Two petrol-only variants start the Koleos campaign, with a diesel to follow
NO Life for Koleos – but we do find Zen and will get Intens.
That’s the model line strategy for the all-important mid-sized sports utility Renault New Zealand is about to release here, starting with displays at the Auckland and Christchurch dealerships over the next few days.
As expected, the Auckland domiciled brand has plucked from the specifications already settled for Australia, but been more selective.
Specifically, we are ignoring our neighbour’s entry choice, the Life, and instead determining to start with the Zen, their mid-level edition, in front and four-wheel-drive and top out, as they do, with a four-wheel-drive flagship, the Intens.
All initial stock is powered by a 2.5-litre four-cylinder petrol engine – producing 126kW of power at 6000rpm and 226Nm of torque at 4400rpm – that drives through a revised ‘Xtronic’ continuously variable transmission.
A turbodiesel, also with this CVT, is coming, but with production at the Samsung plant in South Korea, once again the sole sourcing point, not starting until November it is unlikely to arrive before early 2017. This is the more powerful of two 2.0-litre choices, making 129kW and 380Nm, the latter at 2000rpm.
The diesel will be restricted to Intens configuration, so is going to be the most expensive model, at $59,990.
The cheapest Koleos here is the Zen front-drive, at $44,990, with the all-wheel-drive version – cited as a special order car – costing another $5000. The Intens, in turn, will cost $54,990.
The pricing is intriguing. On today’s exchange rates, Australians get a much sharper deal. Over there, Zen money basically buys an Intens, while the Zen costs just under $36k in front drive, with the four-wheel-drive edition sitting $3400 above. The cost of shipping a car across would likely destroy any saving, however, and might also threaten the warranty cover.
As with the previous-generation Koleos, the model has a strong standard equipment base.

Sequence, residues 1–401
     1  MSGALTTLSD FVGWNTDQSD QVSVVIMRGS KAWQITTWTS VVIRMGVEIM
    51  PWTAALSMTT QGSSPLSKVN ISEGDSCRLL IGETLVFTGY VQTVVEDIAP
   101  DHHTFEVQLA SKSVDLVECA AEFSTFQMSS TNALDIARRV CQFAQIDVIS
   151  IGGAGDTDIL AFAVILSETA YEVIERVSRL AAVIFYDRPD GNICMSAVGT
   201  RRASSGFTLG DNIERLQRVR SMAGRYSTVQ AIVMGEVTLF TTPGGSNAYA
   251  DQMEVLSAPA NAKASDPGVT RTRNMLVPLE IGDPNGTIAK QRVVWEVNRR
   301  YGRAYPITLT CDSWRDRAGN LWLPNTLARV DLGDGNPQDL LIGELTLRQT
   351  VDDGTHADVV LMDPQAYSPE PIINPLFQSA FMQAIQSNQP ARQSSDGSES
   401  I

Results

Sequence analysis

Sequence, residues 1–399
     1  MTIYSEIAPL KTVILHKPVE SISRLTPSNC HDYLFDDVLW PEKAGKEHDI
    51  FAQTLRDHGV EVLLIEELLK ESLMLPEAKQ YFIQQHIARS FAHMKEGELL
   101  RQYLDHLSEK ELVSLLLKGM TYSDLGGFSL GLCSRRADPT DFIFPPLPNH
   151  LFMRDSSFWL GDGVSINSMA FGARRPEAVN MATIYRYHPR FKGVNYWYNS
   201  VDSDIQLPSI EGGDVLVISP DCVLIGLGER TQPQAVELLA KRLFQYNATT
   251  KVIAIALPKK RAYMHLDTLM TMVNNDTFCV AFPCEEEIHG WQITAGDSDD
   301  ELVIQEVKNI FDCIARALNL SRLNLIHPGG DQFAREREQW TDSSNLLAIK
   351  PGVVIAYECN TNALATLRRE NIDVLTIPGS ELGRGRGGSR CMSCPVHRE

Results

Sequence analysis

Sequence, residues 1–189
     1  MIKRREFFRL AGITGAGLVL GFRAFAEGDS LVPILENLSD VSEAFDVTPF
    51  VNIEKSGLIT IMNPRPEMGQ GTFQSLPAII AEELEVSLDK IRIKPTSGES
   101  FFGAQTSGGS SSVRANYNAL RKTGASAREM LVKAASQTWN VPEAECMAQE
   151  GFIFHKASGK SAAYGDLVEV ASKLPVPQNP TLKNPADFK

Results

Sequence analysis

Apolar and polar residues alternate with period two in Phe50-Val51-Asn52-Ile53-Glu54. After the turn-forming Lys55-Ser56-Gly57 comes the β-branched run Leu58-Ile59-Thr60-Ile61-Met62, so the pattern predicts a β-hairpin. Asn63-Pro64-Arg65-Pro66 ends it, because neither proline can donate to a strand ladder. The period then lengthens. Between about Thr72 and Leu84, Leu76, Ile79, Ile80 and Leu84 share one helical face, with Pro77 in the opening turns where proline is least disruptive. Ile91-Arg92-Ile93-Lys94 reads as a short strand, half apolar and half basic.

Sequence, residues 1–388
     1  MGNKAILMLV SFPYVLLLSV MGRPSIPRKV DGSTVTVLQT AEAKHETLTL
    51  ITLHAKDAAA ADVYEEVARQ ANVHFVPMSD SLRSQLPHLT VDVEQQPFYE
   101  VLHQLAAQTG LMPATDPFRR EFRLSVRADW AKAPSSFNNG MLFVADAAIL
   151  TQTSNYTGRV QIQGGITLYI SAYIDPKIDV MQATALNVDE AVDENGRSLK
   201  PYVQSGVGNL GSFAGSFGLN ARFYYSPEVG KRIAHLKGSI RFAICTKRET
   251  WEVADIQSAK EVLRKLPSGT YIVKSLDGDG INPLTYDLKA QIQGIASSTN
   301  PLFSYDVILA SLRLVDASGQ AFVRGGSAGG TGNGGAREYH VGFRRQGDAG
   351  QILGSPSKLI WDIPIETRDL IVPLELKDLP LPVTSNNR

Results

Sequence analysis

Six airbags, ABS brakes, electronic stability control, a reversing camera, hill-start assist, automatic dusk-sensing headlights, rain-sensing windscreen wipers, dual-zone climate-control air-conditioning, a tyre pressure monitoring system, rear parking sensors and front and rear foglights, with a cornering function up front, all feature.
Safety systems also ramp up. The Intens introduces advanced driver-assist technology such as an ‘Interurban’ emergency braking system, forward collision warning, blind spot and lane departure warning and an electronic parking system dubbed ‘easy park assist’.
Zen adopts the blind spot warning and the advanced emergency braking and forward collision assist systems as an option, though initially it will be thrown in as a no-cost enhancement. This is one of two options packs, the other delivering a sunroof.
Ignoring Life means range-wide continuity with the R-Link multimedia system, in which sat nav is a key component, but not total consistency. The Zen takes a 7.0-inch touchscreen whereas Intens adopts an 8.7-inch, tablet-style screen, similar to that in the Volvo XC90. Both have voice control and custom home screens.
The Zen runs on 18-inch alloy wheels and has tinted rear windows, heated front seats, electric driver’s seat adjustment, soft-touch artificial leather upholstery and keyless entry with automatic walk-away door locking.
The Intens adds remote engine start, LED headlights, hands-free tailgate, adopts real leather upholstery, has heating and ventilation for both front seats plus adjustable ambient cabin lighting, electric-powered panoramic sunroof and a Bose audio system with 12-speakers, subwoofer and digital amplifier.
Though the petrol engine is carried over from the old car, it has improved for efficiency. The claimed combined-cycle fuel consumption in front drive format is cited as being 8.1 litres per 100km, whereas it was 9.3L/100km previously. The four-wheel-drive editions present 8.3L/km, down from 9.5 before. CO2 emissions also drop. The diesel is set to return 5.6L/100km.
The petrol maintains its 2000kg braked towing capacity; no detail abiout whether the diesel will be brawnier has been forthcoming.
The Koleos is built on the CMF C/D platform, which is shared with the similarly sized and priced Nissan X-Trail, as well as larger Renault-Nissan models.
That reflects in the dimension. This new model is significantly bigger than the current edition, not least in length. At 4670mm from nose to tail, and with a 210mm wheelbase, it is set to be one of the longest offers in the medium category.
Renault claims ‘record-breaking interior space’, as well as rear knee room of 289mm. Ultimately Koleos will come out in a seven seater format, with three rows of chairs, but initially it is to be sold here as a five-seater